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[REBOL] Re: Correct Behaviour? Was False = 2 ????

From: joel:neely:fedex at: 4-Jul-2001 22:19

Hi, Jeff, The dried frog pills are in the way via FedEx... ;-) Jeff Kreis wrote:
> Howdy, Joel: > > > "First" refers to the item in an ordered collection > > which precedes all others. > > Well, if you wish to define "first" that way, then what > is the word 'Zeroth' found in the dictionary for? >
Because dictionaries simply document all of the things people say, without any obligation to make a simple, consistent system out of them, of course. I can also supply you a list of arbitrarily weird and contradictory quotations from the evening news, especially during election years! ;) I trust we haven't stooped to using an English dictionary as the basis for defining a programming language! Notice that English dictionaries have cleave, v.t.: to divide, pierce, sever, disunite cleave, v.i.: to split, separate, fall apart immediately followed (at least in mine, yours may use a different ordering -- no matter) by cleave, v.i.: to adhere, cling, be faithful (to) As both my Mathematics and Philosophy professors taught me, when I was a wee lad, A system which asserts the contradictory propositions P and NOT P can be used to prove anything, and therefore proves nothing. But the simplest test of usability is to show anyone (with no prejudicial prompting, of course) an ordered collection of items and simply ask, "Which is the first?" They will likely not find that a challenging question...
> If you can squarely locate the zeroth place I will > understand much better your more consistent system of > the free mind. >
I'm simply not interested in defining that term at all. Nor do I care to add PENULTIMATE to the REBOL lexicon, even though I can find *that* term in some dictionaries.
> ... the relative late "discovery" of zero is suggestive of > the fact that humans weren't initially inclined to include > zero in their numbering systems ... >
We've already covered this. The ancient greeks also didn't consider "one" a true number. Most people of the middle ages still believed that the sun revolved around the earth. The common man in the 1800's had never heard of a computer. In 2001, John Q. Public probably *still* uses neither "parse" nor "data type" in everyday conversation. And I'll be quite surprised if you claim to balance your checkbook using Roman numerals.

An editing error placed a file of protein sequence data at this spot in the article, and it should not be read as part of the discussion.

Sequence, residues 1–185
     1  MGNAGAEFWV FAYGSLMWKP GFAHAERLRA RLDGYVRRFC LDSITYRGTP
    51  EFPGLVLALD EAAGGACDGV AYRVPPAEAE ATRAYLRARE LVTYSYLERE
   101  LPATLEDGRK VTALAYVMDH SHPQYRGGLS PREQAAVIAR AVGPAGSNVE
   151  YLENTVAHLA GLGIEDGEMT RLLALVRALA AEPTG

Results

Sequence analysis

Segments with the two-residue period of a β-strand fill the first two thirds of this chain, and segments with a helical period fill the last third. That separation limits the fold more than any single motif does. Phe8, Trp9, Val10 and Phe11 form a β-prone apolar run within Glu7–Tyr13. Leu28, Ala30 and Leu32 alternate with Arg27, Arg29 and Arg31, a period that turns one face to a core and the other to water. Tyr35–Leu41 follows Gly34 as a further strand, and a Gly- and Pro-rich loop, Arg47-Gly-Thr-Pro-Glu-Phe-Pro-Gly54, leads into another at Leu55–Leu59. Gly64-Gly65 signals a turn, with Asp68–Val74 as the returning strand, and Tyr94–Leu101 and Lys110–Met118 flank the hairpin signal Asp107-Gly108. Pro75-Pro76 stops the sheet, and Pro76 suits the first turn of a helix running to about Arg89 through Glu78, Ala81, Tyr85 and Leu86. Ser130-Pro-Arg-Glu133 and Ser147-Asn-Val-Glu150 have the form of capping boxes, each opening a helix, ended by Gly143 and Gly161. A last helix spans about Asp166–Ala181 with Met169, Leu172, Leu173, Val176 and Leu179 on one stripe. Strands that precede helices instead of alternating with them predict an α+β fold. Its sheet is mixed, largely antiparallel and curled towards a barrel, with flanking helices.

> ... and it seems you're may be eager to dispose of our > friend "zeroth" for the convenience of FIRST's definition. > But perhaps I'm missing something... >
Perhaps all of my examples have made my point too easy to miss... Natural language is fuzzy, messy, ambiguous, obscure, and nearly infinitely flexible. That makes it wonderful for conversation, jokes, wordplay, romance, and puns, but terrible for precision (as in treaties, contracts, or program specifications). Computer programming requires precision. Programming languages (along with most other things!) are more easily learned and used if their designs are carefully guided by the values of simplicity and consistency. To lull the newcomer into a false sense of security by offering familiar-looking terminology which is actually used inconsistent and highly subtle/complex ways, is to be penny-wise and pound-foolish IMHO. Neither "zeroth" nor "first" are friends of mine, especially if "first" is overloaded with meanings that have nothing to do with any logically inherent order (as with functions or objects). However, as a way of referring to the elements of an ordered collection, I submit that understanding "first" as meaning preceding all others is sufficiently intuitive as to need little explanation. (Regardless of addressing scheme.) Other languages have used other solutions, such as "head" to refer to the leading element in an ordered collection. If we are going to try to use common, everyday terms in our programming languages, I suggest that we should: 1) give preference to the most common ones (e.g. "first" being much more common than either "penultimate" or "zeroth", 2) scrupulously use those terms as precisely and consistently as possible, following the principle of least surprise, and 3) exercise severe self-control (I assume we won't be seeing definitions for "seventeenth" and "twentythird" in REBOL/View 1.3 ;-) Finally, I should thank you for putting to rest one other issue that has been troubling the list for some time... Based on your absolute insistence that "first" means 1, second means 2, etc., and the fact that
>> sort reduce [true false none]
== [none false true] we are now able to conclude confidently that none = 1 false = 2 true = 3 I'm greatly relieved to have this settled! ;-) -jn- ------------------------------------------------------------ Programming languages: compact, powerful, simple ... Pick any two! joel'dot'neely'at'fedex'dot'com